The film tells the true story of one American family that has dedicated their lives to training and leading dangerous rescue missions with people groups oppressed by war and terrorist attacks in Burma, Iraq and Syria.
LifeWay Films and Deidox Films will release the documentary “Free Burma Rangers” as a two-night Fathom Event, Feb. 24-25, 2020. The film will premiere at the Justice Film Festival in New York on Nov. 16, 2019.
David Eubank and the Free Burma Rangers are currently serving in northern Syria, putting their lives in danger every day to help evacuate displaced Syrian civilians. As of Nov. 1, Eubank and his team of volunteers have been able to rescue more than 200 wounded Syrians and provide relief supplies like food, water and blankets to more than 1,200 people who have fled from the fighting.
Directed by Brent Gudgel and Chris Sinclair, the film “Free Burma Rangers” follows Eubank, a former missionary kid who spent 10 years in the U.S. Special Forces. When his father, who was serving on the mission field in Thailand, called Eubank in 1993 to ask him to come and help the nation’s ethnic people caught in a civil war, Eubank knew God was calling him to go. He asked his then-girlfriend Karen to marry him and follow him on the adventure of a lifetime.
Eubank and Karen married and went to Burma in lieu of a typical honeymoon with one mission in mind: to free the oppressed and rescue victims.
Using his military experience, Eubank began training groups to go on rescue missions to help those in need, as well as provide medical clinics and children’s programs for survivors.
As the groups went on relief missions, running toward the height of conflict to provide aid to victims, more and more ethnic groups joined in. Soon, indigenous leaders asked Eubank to train teams for them. In 1997, the Eubanks founded the Free Burma Rangers.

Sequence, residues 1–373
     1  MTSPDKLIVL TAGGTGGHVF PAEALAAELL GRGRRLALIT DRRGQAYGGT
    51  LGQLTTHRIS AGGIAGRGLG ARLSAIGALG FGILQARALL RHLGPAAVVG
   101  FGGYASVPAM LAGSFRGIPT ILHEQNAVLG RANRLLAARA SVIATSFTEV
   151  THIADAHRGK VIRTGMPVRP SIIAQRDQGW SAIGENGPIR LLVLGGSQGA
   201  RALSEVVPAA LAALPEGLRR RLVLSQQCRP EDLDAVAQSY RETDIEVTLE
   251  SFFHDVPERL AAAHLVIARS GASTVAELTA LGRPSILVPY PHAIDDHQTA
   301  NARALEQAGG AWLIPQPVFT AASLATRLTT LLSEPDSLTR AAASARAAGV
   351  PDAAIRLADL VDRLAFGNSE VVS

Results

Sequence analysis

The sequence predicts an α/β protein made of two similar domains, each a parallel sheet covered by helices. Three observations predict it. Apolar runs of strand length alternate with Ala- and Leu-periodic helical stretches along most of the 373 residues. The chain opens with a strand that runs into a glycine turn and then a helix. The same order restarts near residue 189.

More than two decades later, the Eubank family continues to serve the people of Burma. David and Karen have raised three children in Southeast Asia while continuing to provide humanitarian aid.
The Free Burma Rangers have trained more than 4,500 members.
For Eubank and his Rangers, it doesn’t matter which side of the war the injured come from; they help whoever is caught in the middle of violence and devastation.
“It’s all about loving people,” he said. “It’s saying, ‘Here is everything I have; it’s yours. How can we serve you?’ and giving them immediate medical care, all the food we can give, and to do it bravely and boldly, while becoming a family.”
In 2016, the Eubanks and a few of the Free Burma Rangers moved to northern Iraq to help deliver food and aid to people caught in the middle of the conflict with ISIS. At every step, he says he and his family look to God for direction on where to go, whom to help and how to serve.
The Free Burma Rangers have served more than 1.5 million displaced persons in the 24 years of their relief work. Their work continues to expand through the Middle East, most recently to Syria.
In addition to relief, the Eubank family says their mission is to share the love of Jesus Christ and help people be free from oppression.
“Everywhere, every person in the world has something good and wonderful we can love, learn from and build up,” said Eubank. “When we stand together in Christ and love others, we form the antidote to evil. That is the story I want to be told.”
“Free Burma Rangers” will premiere at the Justice Film Festival in New York on Nov. 16, 2019, before releasing in theaters across the nation on Feb. 24-25, 2020. To learn more about the film, visit https://fbrmovie.com.